Top Republicans are wary of undermining the president—and his legislative agenda.
Rep. Mike Simpson was a dental student in the early 1970s when President Nixon’s administration spiraled into chaos, so he can understand twice over why getting Republicans to comment on reports of impropriety by President Trump can be like pulling teeth.
“Politicians like me were standing around saying, ‘Hey, Nixon’s OK; he didn’t do anything,’” Simpson said of the Watergate era. “Then the next day something else happens and pretty soon you’ve got an avalanche of stuff.”
Before Wednesday’s Department of Justice announcement that former FBI Director Robert Mueller had been named special counsel to handle the investigation of Trump’s alleged ties to Russia, Republican leaders on Capitol Hill had reacted meekly to the previous bombshell report—that Trump had asked then-FBI Director James Comey to stand down on investigating former National Security Adviser Michael Flynn, before firing Comey weeks later.
Distrustful of the press, dismissive of Democrats’ calls, and dependent upon Trump to accomplish their promises to replace Obamacare and reform the tax code, Republicans hope to avoid taking actions that might undermine their president and party. Whether the appointment of Mueller deepens the Hill GOP’s problems or alleviates them, at least temporarily, isn’t yet clear.
“Mueller is a great selection. Impeccable credentials. Should be widely accepted,” House Oversight and Government Reform Chairman Jason Chaffetz tweeted.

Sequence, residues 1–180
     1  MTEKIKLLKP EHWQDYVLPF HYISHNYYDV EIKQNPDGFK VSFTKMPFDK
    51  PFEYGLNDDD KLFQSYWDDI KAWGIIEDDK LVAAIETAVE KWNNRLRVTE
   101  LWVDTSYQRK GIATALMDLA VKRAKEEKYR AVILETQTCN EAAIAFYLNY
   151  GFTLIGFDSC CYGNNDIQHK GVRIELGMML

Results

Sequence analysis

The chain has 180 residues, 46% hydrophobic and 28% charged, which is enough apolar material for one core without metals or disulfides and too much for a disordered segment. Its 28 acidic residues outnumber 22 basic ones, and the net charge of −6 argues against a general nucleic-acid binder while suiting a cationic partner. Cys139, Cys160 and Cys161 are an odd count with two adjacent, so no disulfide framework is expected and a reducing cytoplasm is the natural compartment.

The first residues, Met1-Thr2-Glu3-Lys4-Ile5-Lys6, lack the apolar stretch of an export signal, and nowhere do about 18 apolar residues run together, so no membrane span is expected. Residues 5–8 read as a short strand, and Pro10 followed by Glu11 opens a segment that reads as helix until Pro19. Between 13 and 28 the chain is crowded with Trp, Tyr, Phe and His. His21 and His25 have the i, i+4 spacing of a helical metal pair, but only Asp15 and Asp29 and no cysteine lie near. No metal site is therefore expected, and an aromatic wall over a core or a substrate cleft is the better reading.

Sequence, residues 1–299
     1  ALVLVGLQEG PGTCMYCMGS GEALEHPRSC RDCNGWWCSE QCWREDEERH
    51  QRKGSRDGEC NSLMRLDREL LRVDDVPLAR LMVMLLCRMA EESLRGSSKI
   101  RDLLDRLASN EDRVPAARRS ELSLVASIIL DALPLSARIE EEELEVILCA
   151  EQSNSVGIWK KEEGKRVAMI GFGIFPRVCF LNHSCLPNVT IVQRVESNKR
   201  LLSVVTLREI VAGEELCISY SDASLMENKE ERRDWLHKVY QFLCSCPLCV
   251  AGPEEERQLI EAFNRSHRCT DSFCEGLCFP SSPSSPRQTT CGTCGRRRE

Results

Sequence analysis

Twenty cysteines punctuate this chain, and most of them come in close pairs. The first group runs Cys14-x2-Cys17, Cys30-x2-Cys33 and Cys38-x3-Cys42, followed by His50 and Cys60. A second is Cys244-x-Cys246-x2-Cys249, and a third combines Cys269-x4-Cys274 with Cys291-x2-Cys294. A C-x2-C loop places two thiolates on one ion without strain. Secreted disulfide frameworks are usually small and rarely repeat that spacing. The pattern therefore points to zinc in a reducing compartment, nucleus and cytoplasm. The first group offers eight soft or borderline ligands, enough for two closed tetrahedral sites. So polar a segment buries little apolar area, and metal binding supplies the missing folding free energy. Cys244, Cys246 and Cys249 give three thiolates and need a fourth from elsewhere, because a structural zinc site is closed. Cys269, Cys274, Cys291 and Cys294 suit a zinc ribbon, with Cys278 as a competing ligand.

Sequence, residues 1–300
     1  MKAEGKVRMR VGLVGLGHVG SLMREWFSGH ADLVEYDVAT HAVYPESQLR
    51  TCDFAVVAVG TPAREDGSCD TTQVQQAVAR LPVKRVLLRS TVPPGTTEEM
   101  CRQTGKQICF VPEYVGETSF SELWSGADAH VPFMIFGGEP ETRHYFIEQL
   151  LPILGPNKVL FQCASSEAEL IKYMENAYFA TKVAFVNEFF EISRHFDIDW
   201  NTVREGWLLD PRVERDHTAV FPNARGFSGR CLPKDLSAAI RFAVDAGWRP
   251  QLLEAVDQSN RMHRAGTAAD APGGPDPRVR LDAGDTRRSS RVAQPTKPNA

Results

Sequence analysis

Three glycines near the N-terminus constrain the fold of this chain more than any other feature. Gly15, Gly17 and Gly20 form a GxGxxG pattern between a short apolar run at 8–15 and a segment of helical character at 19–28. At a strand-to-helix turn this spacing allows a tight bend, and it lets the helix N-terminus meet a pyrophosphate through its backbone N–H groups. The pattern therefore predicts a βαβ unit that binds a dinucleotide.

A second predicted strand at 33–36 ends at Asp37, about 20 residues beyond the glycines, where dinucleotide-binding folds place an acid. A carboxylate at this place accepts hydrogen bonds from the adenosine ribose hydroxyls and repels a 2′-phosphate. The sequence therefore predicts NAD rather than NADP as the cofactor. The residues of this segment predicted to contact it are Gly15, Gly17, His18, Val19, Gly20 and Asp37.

Senate Majority Leader Mitch McConnell offered a more neutral comment, saying the move “confirms that the investigation into Russian intervention into our election will continue, as stated last week by acting FBI Director Andrew McCabe. The Senate Select Committee on Intelligence will also continue its investigation into this matter.” And House Speaker Paul Ryan said he “welcome[d]” Mueller’s appointment and that “the important ongoing bipartisan investigation in the House will also continue.”
Democrats, for their part, welcomed the move. “I now have significantly greater confidence that the investigation will follow the facts, wherever they lead,” Senate Minority Leader Chuck Schumer said, according to a tweet from his spokesman. House Minority Leader Nancy Pelosi said an “independent commission” was also necessary. “A special prosecutor is the first step, but it cannot be the last,” she said.
Ahead of the Mueller news, McConnell focused his Wednesday morning speech on tax reform, and later told The Wall Street Journal that Comey should explain himself to the Senate Intelligence Committee in a public setting as part of its ongoing investigation. Ryan, meanwhile, told his members that oversight takes time and they should be patient instead of leaping to judgment, before telling reporters he still has full confidence in Trump.
Republican members want to “figure out what the hell is going on,” as Simpson put it, before they condemn their president.
“You don’t want to jump out and say, ‘Yeah, that’s an impeachable offense,’ or something like that when you really don’t know what’s going on,” Simpson added.
Republican members and aides said that position is understandable given the lack of surefire evidence so far that Trump did anything unconstitutional that would justify impeachment.